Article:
Learn more about the Association for Cultural Economics International’s annual conference through the Center for Cultural Affairs.
Academic research can influence laws, how organizations and communities operate, and the decisions people make each day. But that only happens if the research is relevant and relatable, connecting people to the topic in ways they understand.
Pamela Guerrero, an O’Neill MPA candidate, admits that translating complex research studies or policy into everyday language can be difficult.
“I can be really focused on specific details that may matter to me but don’t matter to anyone else,” she says laughing. “Finding that balance between too much information and the information that’s relevant to the audience is where I struggle.”
That’s why an opportunity from the Center for Cultural Affairs caught her attention. It was a short-term fellowship focused on learning to translate research and make the information accessible to everyone.
“Translating research requires that you both understand the source material and can distill it in ways that can be effectively communicated to broad audiences,” explains CCA Faculty Director and Paul H. O’Neill Professor Doug Noonan.
To help teach students those skills, Noonan and the CCA team secured a grant that provided funding for 10 fellowships on the IUPUI and Bloomington campuses to help them learn more about diversity and accessibility in arts and culture.
As part of the fellowship, students attended a two-hour session on translating research. Guerrero says one of her biggest takeaways was understanding that different audiences can view the same information very differently.
“We can all see that a research article may be a complex academic topic, but that same article can mean so many different things to different people, based on who they are, what they do, and where they’re from,” she says.
The session also focused on the unique needs each audience type has when it comes to learning about research.
“Journalists, for example, normally have heavy workloads and really short timelines,” she explains. “They need the information quickly. They also have to consider whether their editors will like it and whether the story will get clicks online.”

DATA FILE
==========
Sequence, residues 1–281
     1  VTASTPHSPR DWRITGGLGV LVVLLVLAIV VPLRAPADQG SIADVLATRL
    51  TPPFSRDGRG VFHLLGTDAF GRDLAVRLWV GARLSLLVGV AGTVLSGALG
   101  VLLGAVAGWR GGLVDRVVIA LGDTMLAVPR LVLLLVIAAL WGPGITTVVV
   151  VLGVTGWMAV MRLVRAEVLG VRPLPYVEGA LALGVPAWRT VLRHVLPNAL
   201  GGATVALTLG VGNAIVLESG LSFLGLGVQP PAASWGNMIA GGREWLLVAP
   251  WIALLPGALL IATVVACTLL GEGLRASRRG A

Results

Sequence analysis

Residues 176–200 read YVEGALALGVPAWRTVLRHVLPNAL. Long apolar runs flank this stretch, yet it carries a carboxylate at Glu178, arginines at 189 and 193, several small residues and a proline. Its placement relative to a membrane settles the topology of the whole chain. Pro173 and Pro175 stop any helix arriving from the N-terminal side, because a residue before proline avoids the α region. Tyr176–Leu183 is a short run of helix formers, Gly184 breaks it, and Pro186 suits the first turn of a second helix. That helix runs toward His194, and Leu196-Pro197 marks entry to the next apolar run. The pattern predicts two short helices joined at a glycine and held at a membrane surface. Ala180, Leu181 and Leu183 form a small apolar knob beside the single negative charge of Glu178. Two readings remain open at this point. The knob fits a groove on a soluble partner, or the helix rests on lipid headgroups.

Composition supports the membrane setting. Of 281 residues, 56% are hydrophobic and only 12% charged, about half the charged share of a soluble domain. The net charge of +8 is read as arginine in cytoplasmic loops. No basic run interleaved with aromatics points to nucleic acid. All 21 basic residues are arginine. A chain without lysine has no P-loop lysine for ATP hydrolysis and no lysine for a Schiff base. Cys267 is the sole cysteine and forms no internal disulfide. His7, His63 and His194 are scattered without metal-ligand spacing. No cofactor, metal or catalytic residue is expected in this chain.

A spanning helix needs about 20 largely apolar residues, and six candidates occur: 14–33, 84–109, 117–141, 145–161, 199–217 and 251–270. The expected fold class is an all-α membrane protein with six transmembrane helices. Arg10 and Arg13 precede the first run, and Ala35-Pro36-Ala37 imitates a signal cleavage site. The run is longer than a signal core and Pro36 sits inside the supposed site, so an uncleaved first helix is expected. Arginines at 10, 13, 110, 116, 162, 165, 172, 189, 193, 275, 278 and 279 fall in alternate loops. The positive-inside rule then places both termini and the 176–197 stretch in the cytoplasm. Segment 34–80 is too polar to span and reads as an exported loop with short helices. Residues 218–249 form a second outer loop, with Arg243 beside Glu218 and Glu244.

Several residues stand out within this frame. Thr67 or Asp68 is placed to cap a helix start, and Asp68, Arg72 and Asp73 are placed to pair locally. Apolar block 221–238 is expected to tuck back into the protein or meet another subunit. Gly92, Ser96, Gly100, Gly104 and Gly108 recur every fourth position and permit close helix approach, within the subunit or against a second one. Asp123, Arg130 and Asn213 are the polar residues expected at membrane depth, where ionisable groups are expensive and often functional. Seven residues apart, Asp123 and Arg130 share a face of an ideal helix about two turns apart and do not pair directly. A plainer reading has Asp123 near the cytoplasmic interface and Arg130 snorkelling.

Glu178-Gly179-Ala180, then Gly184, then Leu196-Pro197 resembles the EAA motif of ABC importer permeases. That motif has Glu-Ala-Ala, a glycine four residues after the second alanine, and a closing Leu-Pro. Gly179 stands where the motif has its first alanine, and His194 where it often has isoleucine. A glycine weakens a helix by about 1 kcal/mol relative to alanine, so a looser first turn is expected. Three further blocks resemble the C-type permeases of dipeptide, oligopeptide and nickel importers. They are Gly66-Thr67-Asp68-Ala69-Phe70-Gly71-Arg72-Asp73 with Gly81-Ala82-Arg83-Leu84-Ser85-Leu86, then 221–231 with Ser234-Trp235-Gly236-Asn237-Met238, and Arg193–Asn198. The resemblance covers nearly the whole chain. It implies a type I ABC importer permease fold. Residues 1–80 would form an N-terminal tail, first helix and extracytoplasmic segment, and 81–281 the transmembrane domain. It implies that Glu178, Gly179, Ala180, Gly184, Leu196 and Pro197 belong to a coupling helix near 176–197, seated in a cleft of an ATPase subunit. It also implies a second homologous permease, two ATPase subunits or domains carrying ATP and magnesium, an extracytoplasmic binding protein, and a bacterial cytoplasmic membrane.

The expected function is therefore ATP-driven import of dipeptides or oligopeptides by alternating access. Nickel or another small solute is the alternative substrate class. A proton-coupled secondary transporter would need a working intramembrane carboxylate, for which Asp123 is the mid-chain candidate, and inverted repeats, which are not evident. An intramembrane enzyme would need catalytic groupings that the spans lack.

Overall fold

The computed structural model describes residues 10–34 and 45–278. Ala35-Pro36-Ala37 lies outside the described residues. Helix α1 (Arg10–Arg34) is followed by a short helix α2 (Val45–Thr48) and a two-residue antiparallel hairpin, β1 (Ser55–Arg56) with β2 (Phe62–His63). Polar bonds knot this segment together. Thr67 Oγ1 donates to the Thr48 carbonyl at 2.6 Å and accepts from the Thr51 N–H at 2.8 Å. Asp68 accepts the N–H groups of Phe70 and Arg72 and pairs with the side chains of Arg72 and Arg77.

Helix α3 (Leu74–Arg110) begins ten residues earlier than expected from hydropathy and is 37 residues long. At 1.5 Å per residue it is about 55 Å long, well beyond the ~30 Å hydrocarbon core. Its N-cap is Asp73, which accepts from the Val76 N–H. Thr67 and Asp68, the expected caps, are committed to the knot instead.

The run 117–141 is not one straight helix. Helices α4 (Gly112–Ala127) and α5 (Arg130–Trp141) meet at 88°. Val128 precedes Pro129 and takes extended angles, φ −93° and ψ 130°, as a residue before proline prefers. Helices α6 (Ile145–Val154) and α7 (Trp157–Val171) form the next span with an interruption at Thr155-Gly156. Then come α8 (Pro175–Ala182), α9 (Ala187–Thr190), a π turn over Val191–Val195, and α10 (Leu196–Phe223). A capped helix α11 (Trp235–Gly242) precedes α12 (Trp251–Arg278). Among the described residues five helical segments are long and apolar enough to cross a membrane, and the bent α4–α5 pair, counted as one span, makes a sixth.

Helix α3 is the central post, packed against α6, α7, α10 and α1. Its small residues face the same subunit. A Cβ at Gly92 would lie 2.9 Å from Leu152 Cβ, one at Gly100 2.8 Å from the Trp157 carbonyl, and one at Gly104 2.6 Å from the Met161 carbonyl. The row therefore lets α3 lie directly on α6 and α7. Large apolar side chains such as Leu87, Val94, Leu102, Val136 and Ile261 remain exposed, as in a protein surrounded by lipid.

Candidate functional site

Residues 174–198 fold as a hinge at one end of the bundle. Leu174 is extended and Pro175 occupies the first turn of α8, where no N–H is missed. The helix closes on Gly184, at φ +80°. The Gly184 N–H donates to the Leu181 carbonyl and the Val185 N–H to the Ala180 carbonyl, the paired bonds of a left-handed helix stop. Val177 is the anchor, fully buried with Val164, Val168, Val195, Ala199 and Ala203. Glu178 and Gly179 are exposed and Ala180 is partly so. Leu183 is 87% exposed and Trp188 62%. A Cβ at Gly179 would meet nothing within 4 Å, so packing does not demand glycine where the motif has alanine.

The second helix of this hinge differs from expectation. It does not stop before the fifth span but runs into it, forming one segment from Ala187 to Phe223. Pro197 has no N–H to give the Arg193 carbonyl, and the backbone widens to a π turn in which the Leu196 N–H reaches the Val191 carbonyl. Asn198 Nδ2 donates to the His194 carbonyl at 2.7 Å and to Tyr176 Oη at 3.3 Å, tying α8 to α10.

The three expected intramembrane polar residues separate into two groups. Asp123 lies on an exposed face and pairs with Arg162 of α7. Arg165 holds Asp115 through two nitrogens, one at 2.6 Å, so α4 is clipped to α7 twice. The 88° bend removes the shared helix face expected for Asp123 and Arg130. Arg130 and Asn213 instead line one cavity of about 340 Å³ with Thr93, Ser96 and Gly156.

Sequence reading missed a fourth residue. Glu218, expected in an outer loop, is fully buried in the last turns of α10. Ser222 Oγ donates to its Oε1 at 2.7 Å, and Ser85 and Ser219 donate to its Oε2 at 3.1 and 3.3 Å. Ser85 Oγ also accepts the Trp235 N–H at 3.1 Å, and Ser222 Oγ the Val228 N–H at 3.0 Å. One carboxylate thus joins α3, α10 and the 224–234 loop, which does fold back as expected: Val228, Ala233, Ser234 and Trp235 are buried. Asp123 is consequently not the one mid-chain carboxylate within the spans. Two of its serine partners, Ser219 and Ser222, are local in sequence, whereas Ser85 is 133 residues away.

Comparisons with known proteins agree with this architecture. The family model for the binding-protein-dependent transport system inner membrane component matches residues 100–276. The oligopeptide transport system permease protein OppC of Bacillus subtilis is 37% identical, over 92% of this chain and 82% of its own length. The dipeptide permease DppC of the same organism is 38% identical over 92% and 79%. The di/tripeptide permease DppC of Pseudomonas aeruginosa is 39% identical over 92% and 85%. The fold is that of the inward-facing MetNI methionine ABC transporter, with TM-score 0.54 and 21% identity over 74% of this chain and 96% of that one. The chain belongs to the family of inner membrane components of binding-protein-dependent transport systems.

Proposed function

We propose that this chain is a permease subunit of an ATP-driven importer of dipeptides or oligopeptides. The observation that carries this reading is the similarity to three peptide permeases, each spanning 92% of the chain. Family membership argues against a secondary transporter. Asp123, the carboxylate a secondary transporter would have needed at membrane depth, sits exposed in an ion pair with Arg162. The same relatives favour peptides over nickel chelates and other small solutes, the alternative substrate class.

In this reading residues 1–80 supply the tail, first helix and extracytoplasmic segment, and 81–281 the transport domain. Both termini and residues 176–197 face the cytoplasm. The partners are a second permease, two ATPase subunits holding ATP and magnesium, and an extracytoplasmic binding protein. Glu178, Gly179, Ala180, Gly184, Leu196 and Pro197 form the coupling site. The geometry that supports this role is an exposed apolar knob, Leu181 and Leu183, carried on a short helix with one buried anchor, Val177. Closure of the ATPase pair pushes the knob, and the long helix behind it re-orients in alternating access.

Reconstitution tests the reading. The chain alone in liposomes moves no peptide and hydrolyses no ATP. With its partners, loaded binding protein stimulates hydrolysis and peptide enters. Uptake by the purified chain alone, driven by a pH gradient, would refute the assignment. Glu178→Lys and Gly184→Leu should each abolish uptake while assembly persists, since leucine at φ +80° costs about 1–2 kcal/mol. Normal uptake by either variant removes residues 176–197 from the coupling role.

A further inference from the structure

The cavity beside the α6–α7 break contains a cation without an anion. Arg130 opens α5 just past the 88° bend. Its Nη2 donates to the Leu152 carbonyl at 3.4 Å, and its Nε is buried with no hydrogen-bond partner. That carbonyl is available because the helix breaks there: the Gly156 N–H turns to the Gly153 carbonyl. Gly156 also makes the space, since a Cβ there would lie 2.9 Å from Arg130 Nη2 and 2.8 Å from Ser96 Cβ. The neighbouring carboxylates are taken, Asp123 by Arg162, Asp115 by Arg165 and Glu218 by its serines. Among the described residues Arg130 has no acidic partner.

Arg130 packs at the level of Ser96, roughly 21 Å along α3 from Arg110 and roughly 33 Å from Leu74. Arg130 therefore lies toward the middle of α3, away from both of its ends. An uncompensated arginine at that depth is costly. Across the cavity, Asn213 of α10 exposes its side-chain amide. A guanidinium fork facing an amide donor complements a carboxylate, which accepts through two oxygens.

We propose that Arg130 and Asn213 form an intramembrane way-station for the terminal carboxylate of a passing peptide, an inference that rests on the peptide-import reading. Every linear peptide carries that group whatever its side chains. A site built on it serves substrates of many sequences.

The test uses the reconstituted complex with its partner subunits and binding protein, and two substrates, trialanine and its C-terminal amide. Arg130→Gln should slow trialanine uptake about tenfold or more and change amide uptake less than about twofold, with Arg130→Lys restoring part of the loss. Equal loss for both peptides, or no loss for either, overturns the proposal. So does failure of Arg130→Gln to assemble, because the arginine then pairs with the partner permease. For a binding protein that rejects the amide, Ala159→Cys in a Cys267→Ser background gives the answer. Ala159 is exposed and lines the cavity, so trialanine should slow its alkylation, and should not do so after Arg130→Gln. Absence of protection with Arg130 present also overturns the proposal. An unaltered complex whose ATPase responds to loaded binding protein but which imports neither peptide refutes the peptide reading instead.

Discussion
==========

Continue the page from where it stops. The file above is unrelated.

After the training session, the fellows each selected a research topic to review. They’re now working to create unique ways to showcase that information to a new audience as CCA hosts the Association for Cultural Economics International conference in Bloomington on June 27–30.
Guerrero was considering focusing her project on how Latin American countries use their cultural heritage as a primary driver for the tourism industry. The idea came from her home country of Ecuador, which relies on the economic tourism of its cultural heritage sites.
“A lot of our heritage sites are in designated UNESCO sites,” she says. “I’m interested in how cultural art plays into economic development in those areas.”
Noonan says the opportunity to research a topic and then convey the information to conference attendees will open doors for students during a large gathering of international scholars. It’s a chance for them to practice skills he says will extend well beyond the conference.
“Effective communication skills are vital in all sorts of careers,” he says. “Our fellows can use these skills to make scientifically informed policy choices. We can teach them what current research says and show them how to apply that knowledge now, but future decisions will depend on translating future research into practice. That’s where these skills will be most valuable to our students.”
Guerrero is already looking to do that in her work for Indiana’s Office of Community and Rural Affairs.
“It is really important to me to be relatable when I’m writing things,” she says. “I don’t ever want to come across as demeaning to people when I’m translating the information to them.”
She says she wants to focus on the people she works with and make sure they get the information they need on critical topics.
“Sometimes, people really only have a couple minutes to look at something, whether they’re a single mother or a public official, low income or middle income,” she says. “My ultimate desire is to make the information that impacts them relatable to their lives so they can make more informed decisions.”